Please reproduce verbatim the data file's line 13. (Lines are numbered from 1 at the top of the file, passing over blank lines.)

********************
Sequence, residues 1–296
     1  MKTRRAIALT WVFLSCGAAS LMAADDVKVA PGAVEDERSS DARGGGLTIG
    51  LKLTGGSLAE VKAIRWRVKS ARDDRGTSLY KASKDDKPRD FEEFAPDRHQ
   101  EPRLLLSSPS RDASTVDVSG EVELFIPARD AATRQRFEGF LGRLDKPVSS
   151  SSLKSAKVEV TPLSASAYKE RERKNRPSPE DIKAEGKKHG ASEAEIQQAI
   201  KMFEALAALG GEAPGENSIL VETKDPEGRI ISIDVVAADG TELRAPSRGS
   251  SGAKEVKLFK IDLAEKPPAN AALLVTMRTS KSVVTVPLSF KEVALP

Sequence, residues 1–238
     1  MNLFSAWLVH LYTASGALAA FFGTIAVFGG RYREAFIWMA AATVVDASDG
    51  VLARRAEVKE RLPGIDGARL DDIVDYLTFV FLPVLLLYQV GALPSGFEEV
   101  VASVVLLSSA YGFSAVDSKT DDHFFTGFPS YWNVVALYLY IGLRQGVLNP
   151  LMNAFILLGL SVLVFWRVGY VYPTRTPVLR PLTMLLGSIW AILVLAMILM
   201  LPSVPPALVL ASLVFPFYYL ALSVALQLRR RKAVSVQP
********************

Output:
   201  LPSVPPALVL ASLVFPFYYL ALSVALQLRR RKAVSVQP